A medium-sized body of rigorous literature provides guidance on how to integrate gender into PFM systems successfully.
- Guidance on effective approaches:
– Overall requirements are: securing the known enabling factors (such as sustained political support, sufficient capacities and conducive institutional arrangements); adapting to context; involving a range of stakeholders at all stages; and generating sex-disaggregated data.
– Considering the three phases of GRB (awareness, accountability, change), it has proven hardest to move from analysis to a change in budgets. Ways to make progress include impact evaluations of GRB, country-specific methodologies, the mainstreaming of gender into participatory budgeting initiatives, and gender-sensitive participatory research.
– The budget process can be made gender-responsive: Sharp (2003) offers approaches tailored to the stages of budget preparation, approval, execution, and audit and evaluation.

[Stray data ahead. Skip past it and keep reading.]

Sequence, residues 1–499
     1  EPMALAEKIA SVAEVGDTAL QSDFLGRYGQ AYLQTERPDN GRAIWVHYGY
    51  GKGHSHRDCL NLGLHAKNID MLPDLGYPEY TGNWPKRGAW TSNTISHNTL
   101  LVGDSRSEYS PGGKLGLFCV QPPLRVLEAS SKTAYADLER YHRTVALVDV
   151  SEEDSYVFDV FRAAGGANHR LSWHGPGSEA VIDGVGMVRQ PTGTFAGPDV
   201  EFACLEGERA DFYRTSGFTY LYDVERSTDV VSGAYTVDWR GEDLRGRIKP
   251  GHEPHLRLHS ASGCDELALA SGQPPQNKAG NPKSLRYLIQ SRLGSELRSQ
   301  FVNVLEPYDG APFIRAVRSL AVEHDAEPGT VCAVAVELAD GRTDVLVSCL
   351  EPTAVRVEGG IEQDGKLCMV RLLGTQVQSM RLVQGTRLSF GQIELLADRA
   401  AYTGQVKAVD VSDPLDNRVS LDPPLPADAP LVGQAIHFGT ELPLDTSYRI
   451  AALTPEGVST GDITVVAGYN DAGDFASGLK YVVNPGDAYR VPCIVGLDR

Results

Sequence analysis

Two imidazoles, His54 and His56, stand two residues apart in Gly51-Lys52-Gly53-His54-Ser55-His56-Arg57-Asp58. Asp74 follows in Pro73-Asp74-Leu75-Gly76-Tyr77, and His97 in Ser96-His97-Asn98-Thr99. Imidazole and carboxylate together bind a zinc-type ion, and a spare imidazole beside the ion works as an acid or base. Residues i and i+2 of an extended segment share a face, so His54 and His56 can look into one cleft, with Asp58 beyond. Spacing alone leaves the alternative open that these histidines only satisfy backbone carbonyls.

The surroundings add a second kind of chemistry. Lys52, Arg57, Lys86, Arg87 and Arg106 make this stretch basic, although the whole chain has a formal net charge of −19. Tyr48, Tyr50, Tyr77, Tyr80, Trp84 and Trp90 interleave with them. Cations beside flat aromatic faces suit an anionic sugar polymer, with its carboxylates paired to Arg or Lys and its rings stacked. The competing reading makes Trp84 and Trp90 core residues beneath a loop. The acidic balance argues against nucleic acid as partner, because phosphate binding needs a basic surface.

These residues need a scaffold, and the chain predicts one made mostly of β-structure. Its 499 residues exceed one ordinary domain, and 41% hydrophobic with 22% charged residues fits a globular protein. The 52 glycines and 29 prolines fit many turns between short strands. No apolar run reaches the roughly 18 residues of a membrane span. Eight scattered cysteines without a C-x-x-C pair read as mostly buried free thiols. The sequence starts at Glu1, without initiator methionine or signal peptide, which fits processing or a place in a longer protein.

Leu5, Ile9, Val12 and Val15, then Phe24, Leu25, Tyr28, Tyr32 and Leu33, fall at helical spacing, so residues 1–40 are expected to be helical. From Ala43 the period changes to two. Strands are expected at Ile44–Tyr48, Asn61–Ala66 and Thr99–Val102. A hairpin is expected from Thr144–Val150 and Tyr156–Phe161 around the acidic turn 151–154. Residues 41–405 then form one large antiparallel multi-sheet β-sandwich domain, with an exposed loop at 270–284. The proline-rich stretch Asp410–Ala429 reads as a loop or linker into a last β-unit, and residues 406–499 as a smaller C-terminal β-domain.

– A gender-specific breakdown of expenditures looks at women-specific targeted expenditures, expenditures on equal employment, and most importantly mainstream expenditures.
- Specific tools have been developed, largely based on work by Budlender, Sharp and Elson:
– On revenues, gender-disaggregated analyses are effective tools to work on tax incidence (direct and indirect taxes), user fees, and government debt.
– On expenditures, effective tools for gender-aware work are available for policy appraisal, beneficiary assessment, incidence analysis of public expenditure, analysis of the impact of budgets on time use, budget statements, and medium-term frameworks of economic policy.
- External actors such as donors can integrate gender effectively into their work, through entry points based on aid principles (alignment, mutual accountability, results-oriented management), in PFM and in budget support (both general and sectoral).